Driving: Los Angeles v. Portland

In Los Angeles, I learned to drive. It’s something I’ve always taken great pride in. If I can drive in Los Angeles, I can drive anywhere, no problem.

In Los Angeles, driving is messy. It’s fast-paced. Other drivers are ruthless. And traffic is constant, not just a phenomenon limited to “rush hour.”

In Los Angeles, there really isn’t an alternative to driving if you want to go anywhere or get anything done. Suburban sprawl.

In Los Angeles, all the lanes are full, all the time. You cut into the one you need to be in at the last possible second. The frustrated honks herald your personal triumph: you’ve bypassed all those losers stuck waiting impatiently behind you.

Los Angeles Traffic

In Los Angeles, everyone is always in a hurry. Good luck trying to change lanes in a pinch. You have to aggressively create your gap, another driver won’t do it for you.

And in Los Angeles, you pump your own gas.

Every woman for herself.

In Portland, I’m learning to drive differently. It’s a humbling process. I can drive here, but there are new rules to observe.

In Portland, driving is refreshing. It’s calmer. Other drivers are courteous. And traffic is consistent: At 7:35 a.m. it takes 14 minutes to get across the Ross Island Bridge from my house. Another eight until I pull into the kids’ driveway for work.

In Portland, there are alternatives: buses, tramways, miles of bike lanes, your own two feet in a pair of sturdy Birkenstocks. And destinations seem much closer and much more accessible.

In Portland, lone cars speed down the empty left-hand lanes while those needing the right-hand one wait, queued up for blocks. You can rush by and cut in like you would in Los Angeles—you won’t meet much resistance. But it feels wrong. Taboo. A hollow victory.


In Portland, even when people are in a hurry, they’ll let you into their lane. On the bridge, eastbound at rush hour, each driver stuck in the traffic you want to join lets in one car waiting hopefully at the on-ramp stop sign. You can always find a gap.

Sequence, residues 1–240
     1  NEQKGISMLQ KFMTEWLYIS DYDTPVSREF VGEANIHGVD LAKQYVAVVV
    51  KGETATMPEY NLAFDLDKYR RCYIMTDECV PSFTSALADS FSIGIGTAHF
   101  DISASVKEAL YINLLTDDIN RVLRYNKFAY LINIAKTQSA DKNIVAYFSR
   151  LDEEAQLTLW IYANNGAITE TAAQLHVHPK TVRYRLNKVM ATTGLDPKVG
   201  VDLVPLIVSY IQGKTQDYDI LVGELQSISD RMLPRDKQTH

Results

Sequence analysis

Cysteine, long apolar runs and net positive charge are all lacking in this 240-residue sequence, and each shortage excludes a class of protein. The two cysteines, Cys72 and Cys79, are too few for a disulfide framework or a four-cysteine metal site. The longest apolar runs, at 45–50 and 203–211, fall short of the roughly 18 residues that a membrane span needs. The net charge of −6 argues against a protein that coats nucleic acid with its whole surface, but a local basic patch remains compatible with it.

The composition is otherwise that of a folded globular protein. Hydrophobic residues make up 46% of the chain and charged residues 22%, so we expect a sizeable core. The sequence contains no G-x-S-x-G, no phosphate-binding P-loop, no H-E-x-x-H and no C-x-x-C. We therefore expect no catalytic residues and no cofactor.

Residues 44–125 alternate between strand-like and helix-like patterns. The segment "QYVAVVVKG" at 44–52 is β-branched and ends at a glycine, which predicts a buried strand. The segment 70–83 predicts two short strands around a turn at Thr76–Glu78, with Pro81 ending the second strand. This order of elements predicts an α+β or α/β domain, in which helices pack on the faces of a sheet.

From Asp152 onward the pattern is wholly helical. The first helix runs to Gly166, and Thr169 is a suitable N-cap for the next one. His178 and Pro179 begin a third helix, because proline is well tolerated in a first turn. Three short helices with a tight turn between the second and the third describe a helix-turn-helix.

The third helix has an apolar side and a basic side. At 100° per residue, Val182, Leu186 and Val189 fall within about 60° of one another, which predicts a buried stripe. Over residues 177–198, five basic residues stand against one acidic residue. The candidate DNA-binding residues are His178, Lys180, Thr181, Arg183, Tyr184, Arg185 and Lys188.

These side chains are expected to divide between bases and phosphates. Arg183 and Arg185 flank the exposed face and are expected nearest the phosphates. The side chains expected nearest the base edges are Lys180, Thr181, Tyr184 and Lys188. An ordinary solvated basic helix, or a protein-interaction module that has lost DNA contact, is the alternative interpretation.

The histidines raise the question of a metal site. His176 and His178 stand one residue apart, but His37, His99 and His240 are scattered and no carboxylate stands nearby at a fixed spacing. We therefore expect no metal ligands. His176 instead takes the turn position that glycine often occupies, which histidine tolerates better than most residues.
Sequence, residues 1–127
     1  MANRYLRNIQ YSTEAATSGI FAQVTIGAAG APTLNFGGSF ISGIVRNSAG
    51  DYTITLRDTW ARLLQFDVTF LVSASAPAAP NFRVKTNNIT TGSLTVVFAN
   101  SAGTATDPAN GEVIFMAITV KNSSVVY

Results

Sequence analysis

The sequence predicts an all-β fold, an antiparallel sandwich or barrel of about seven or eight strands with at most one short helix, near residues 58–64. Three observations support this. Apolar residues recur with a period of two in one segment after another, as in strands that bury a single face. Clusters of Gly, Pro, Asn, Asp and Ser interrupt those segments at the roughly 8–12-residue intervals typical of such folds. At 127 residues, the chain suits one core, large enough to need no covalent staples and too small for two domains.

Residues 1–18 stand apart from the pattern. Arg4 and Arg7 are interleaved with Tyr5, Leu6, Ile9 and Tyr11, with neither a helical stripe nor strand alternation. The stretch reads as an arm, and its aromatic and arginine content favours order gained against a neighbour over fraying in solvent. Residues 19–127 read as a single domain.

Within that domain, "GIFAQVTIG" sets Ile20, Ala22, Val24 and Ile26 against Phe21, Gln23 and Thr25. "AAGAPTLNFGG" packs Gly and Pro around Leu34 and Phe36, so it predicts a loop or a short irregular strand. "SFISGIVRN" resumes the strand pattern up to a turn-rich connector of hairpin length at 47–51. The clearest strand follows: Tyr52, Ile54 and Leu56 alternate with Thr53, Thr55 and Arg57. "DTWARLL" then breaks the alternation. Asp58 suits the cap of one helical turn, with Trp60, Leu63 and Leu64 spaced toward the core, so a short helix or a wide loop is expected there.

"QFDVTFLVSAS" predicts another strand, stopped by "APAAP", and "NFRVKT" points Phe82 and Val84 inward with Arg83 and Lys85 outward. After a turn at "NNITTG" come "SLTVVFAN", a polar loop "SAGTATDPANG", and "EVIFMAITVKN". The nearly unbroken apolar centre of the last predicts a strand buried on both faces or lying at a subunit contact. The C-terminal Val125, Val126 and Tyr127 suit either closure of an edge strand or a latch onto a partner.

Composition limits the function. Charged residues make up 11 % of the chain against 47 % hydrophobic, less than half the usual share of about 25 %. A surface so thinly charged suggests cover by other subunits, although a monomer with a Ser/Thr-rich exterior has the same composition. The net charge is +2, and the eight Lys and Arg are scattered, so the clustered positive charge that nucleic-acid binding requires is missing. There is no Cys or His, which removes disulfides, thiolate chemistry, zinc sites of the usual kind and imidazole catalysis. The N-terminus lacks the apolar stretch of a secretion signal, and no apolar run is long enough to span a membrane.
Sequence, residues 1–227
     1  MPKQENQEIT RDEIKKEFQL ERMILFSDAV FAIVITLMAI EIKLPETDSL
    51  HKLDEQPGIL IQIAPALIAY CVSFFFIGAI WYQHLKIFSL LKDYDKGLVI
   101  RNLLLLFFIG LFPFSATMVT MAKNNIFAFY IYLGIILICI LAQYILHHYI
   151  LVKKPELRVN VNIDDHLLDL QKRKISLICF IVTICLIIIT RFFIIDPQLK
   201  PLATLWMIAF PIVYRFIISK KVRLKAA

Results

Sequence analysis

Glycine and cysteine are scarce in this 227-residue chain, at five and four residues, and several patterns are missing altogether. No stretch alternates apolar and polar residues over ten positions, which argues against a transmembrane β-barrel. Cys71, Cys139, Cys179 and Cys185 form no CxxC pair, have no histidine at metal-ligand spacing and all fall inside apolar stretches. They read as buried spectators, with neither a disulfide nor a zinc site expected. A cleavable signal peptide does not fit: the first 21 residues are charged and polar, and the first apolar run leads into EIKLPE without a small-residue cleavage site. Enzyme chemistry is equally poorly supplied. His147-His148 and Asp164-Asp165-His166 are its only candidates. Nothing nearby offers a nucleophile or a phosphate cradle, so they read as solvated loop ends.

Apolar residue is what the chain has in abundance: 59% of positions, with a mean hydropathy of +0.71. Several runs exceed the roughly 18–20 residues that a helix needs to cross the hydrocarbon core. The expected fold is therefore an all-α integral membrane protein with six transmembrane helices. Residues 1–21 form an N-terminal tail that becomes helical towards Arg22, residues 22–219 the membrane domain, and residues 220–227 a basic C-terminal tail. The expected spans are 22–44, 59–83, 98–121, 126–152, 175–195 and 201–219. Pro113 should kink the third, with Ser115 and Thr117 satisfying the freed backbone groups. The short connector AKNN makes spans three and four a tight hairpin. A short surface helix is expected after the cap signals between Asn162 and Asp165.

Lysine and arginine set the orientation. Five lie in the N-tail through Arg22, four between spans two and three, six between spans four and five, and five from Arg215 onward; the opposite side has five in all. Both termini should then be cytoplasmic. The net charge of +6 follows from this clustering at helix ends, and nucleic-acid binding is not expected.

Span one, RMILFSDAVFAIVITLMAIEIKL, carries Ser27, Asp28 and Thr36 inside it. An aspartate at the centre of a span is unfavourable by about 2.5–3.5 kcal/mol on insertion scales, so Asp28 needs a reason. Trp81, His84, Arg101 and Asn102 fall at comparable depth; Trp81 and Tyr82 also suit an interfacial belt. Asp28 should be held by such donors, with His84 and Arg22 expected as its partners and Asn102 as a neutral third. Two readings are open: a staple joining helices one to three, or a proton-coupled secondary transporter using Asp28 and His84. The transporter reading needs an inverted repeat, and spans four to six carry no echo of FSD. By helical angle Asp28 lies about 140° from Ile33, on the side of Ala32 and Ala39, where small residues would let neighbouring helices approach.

And in Portland, you don’t have to get out of your car to refuel. (Well, I do, because I have to pry open my jammed fuel door with a screw driver, but I’m an exception.) You don’t have to work out the technicalities of the nozzle or worry that you’ll accidentally push the button and buy premium instead of regular. You hand over your cash or credit card, and you’re taken care of.

Life is more communal here.



  1. Jamie · · Reply

    Frankly, I don’t see the negative in “rushing by and cutting in” when there is a long line of cars in one lane but not in the other, as you described. I guess my sense of traffic etiquette is woefully deficient by Portland standards. Oh well, that is probably proving your point!

    1. I did it a couple times, but it just seemed really weird to when no one else was…

      Maybe Portland is peer pressuring me.

    2. Lauren · · Reply

      It’s the driving equivalent of cutting in line. We all want to take the exit or whatever it is, and by cutting in front you’re basically acting like a jerk. I’m not from Portland, but I believe in driving like that.

  2. Ashley · · Reply

    I’m so glad to hear that your tiny fuel door is broken too! (I pull a loose cord in my trunk to open mine). 😉

    1. Twins! I used to have a lever that would pop it (like you’d pop the trunk) but it stopped working. Enter the screwdriver (and rag to safeguard the paint job).

  3. JenTee · · Reply

    HA! This is all true, but you had better believe these gentle drivers are cursing the rude ones from safe inside their rolled-up windows. Or maybe that’s just me…

    1. Probably very accurate…

  4. Ethan · · Reply

    When someone tries to get ahead of a long line like that here, we don’t let them in, because don’t be an asshole.

    I didn’t know places still existed that pumped your gas for you! That seems so archaic, haha.

    But I wish all cities had alternatives to driving. I would hate to drive in LA!

    1. I really wish more cities were more pedestrian/alternate modes of transport friendly.

      The gas pumping thing is state-by-state. I think Oregon and New Jersey are the only ones where the attendant pumps gas for you. It’s a job creation endeavor.

      1. I totally agree!

    1. Ethan · · Reply

      lirl I love that skit

    2. Haha. Thanks, Sarah. Now that I live in Portland I really need to start watching Portlandia…

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